For one thing, they are overwhelmingly employed. Almost all Web traffic for news sites comes between the hours of 9 a.m. and 5 p.m., from people who are theoretically being paid to do something other than surf the Internet for news about Brangelina’s baby or the latest lunatic pronouncement from the president of Iran. They are slightly more male than female. They are well educated, and they probably make more than $75,000 a year. And no matter what they see during the day online, many will still go home and watch television at night.

    “The amount of time people are spending on news sites is still not what they’re spending watching TV,” said Charlie Tillinghast, the president and publisher of “They’ve really just added the Internet to their media consumption. I guess they’re spending less time socializing or something. But eventually—there’s only so many hours in the day—eventually people are going to have to shift a little bit.”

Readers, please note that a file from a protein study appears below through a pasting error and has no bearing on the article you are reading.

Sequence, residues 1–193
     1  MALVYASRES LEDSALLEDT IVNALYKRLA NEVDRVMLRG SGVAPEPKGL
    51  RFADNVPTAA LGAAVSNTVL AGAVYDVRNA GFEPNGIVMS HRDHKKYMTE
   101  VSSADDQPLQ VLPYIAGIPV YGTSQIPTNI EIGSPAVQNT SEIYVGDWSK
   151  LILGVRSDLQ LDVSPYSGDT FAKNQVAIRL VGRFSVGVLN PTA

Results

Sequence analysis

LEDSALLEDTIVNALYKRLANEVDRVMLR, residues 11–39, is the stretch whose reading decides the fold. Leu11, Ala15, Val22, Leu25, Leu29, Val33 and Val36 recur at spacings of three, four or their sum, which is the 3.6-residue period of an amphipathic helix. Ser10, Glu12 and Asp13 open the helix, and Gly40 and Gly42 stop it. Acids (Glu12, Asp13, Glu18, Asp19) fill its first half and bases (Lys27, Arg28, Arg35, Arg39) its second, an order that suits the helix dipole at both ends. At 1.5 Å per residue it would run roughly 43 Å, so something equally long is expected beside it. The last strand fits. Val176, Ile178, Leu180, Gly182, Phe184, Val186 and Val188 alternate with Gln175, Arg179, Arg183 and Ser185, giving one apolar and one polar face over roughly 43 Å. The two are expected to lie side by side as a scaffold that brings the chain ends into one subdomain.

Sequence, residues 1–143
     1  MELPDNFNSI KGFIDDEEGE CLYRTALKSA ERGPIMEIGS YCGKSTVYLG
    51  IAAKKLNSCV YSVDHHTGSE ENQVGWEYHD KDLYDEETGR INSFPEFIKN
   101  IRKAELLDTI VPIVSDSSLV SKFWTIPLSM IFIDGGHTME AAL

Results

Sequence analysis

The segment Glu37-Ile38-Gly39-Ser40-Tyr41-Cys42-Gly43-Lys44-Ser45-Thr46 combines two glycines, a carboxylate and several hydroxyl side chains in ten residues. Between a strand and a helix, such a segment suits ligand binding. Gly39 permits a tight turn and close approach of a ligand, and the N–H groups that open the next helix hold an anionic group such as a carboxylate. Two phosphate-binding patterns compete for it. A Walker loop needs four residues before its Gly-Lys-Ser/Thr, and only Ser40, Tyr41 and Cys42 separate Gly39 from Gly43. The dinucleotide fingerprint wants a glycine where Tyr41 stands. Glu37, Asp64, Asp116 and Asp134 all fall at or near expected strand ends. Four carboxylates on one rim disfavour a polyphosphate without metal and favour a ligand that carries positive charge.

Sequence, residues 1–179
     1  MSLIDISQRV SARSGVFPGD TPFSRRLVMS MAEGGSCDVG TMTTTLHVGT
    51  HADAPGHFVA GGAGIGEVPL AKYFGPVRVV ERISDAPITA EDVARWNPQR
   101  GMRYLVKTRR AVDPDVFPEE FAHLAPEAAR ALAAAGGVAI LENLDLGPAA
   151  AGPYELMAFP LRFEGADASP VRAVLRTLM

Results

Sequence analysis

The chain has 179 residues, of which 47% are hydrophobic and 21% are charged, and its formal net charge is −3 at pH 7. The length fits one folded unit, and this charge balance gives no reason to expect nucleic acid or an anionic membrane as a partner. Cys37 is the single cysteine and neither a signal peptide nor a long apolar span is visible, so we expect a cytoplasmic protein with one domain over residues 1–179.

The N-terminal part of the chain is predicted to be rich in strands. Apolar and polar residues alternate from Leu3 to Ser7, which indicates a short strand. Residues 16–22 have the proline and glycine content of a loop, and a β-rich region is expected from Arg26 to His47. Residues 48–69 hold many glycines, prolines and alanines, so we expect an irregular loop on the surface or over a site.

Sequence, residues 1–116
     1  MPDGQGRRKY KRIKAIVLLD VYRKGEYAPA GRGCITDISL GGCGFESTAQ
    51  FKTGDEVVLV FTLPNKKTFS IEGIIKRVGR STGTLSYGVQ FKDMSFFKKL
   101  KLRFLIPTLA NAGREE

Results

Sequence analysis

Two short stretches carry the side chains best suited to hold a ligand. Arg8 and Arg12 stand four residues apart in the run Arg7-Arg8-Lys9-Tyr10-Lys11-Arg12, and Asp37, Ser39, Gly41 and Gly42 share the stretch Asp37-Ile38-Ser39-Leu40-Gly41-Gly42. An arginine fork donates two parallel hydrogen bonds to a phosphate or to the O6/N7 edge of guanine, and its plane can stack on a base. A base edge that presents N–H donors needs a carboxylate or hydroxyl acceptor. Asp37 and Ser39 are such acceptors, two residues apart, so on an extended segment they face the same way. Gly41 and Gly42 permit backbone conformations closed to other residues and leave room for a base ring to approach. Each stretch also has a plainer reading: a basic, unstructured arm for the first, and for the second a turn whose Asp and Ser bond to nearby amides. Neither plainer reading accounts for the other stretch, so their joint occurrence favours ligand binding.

Advertisers, for their part, have been slow to pick up on the trend. According to the Online Publishers Association, only 6 percent of media advertising dollars are spent online, while more than 40 percent are spent on television commercials and about 30 percent on newspaper ads. But about 34 percent of people listed the Internet as their primary source of news, higher than television (32 percent), radio (20 percent) or newspapers (8 percent).

    Sensing the shift, networks have begun pouring money into their online operations, expanding the staff, double-tasking television correspondents with also filing for the Web, and outfitting giant newsrooms in anticipation of a bigger shift. is the only fully high-definition-equipped newsroom at CNN.